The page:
Buffalo Raceway is back and ready to go. Last July, a freak tornado hit the Hamburg, New York area and the racetrack and, in particular, the press box, suffered serious damage, enough to cancel the final days of the 2017 season.
All things are back in order and the 88-day meet kicks off on Friday, Jan. 12 and will race primarily on Wednesdays, Fridays and Saturdays with some Sundays sprinkled in come June. Like many tracks, there is concern of a horse shortage and that requires creativity when it comes to scheduling. Jon Cramer is the operations director and he says that the track does what it can to offer as many races as possible, with 13 being the nightly goal.
“It’s supply and demand,” Cramer said, “If we have enough horses, we’ll run more races, if not, we have to reduce supply by cutting the number of races. Last year, we averaged 11.5.”
There is no fear of cutting race days, however.
“The dates are approved and we will race them,” Cramer said.
The horse shortage is nothing new in both harness and thoroughbred racing. If you look over entries, you will see many tracks shortening the number of races on some of their nights. Pompano will sometimes offer just eight races and Monticello will do the same. Tracks like those rely on local horsemen to provide horses and, when their barn shrinks, there is simply less supply and, as a result, less races.
If this reads as gloomy, Cramer says that’s not the case.
“Harness racing isn’t going anywhere,” Cramer said. “We’ll make changes when we have to, but the sport will be around.”
Wednesday is the track’s best night for wagering with all-source handle close to $250,000. On Friday and Saturday, it hovers between $160,000 and $200,000.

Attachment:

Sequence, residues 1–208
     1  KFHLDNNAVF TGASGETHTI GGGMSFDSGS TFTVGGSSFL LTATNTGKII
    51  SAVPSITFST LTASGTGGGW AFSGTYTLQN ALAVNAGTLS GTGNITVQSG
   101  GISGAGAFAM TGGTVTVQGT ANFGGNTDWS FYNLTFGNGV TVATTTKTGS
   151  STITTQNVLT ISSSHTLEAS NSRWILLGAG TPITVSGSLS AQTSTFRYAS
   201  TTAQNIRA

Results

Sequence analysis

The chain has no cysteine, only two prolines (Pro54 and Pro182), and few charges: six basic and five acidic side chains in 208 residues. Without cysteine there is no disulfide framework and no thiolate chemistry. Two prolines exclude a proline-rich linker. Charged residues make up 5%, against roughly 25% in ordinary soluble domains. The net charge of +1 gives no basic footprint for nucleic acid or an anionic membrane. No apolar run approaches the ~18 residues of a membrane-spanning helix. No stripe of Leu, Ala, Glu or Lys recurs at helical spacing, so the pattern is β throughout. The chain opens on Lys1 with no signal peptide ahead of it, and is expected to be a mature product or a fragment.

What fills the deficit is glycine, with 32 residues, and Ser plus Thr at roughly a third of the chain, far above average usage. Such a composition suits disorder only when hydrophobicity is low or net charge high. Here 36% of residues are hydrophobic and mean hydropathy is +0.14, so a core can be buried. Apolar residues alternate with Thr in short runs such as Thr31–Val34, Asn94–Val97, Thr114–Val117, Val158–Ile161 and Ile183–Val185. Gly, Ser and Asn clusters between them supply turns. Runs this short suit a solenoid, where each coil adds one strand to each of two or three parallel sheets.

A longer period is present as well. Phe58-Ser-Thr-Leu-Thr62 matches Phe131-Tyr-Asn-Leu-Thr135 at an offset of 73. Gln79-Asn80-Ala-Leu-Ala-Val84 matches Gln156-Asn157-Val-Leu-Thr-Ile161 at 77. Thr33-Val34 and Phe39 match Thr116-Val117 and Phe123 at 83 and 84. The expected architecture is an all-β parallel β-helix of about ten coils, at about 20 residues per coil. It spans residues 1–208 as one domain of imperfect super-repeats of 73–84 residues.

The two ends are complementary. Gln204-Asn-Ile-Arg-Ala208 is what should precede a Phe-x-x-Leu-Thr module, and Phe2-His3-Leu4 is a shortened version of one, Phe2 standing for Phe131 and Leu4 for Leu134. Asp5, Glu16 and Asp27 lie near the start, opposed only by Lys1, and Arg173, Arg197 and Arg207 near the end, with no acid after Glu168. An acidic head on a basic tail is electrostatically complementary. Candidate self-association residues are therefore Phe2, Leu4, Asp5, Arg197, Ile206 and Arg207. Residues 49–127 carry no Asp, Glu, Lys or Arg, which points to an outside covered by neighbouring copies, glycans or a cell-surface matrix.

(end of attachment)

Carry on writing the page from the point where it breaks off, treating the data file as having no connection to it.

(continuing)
“Wednesday is a good night for us,” Cramer said. “Yonkers is dark and we’re not competing against the Meadowlands. The 5 p.m. post time also helps and you’re seeing both Yonkers and the Meadowlands trying earlier post times this winter.”
Yonkers moved its post time from 7:10 p.m. to 6:50 p.m. and the Meadowlands from 7:20 p.m. to 6:35 p.m.
There is a new claiming rule in effect this year at Buffalo Raceway. If a horse is claimed, that horse must remain on the grounds until the season ends. Most tracks have a 30- or 60-day exit policy, but because of the potential horse shortage, Buffalo Raceway instituted this measure that was agreed upon by both the racing secretary and the Horsemen’s Association.
“They agreed, and we think it will help,” Cramer said. “The last thing any track wants to see is a horse claimed and then shipped to another track.”
Cramer will also have to deal with upcoming negotiations, as the current agreement between the track and the above referenced Horsemen’s Association expires at the end of 2018.
Buffalo Raceway shares horses with Batavia Downs, which is 50 miles to the east. Buffalo runs January to July and, then, Batavia carries on from July to December. Both tracks are of the mom and pop variety. Other than the New York and Excelsior Stakes, there is no $150,000 invitational pace or trot — and that is by design.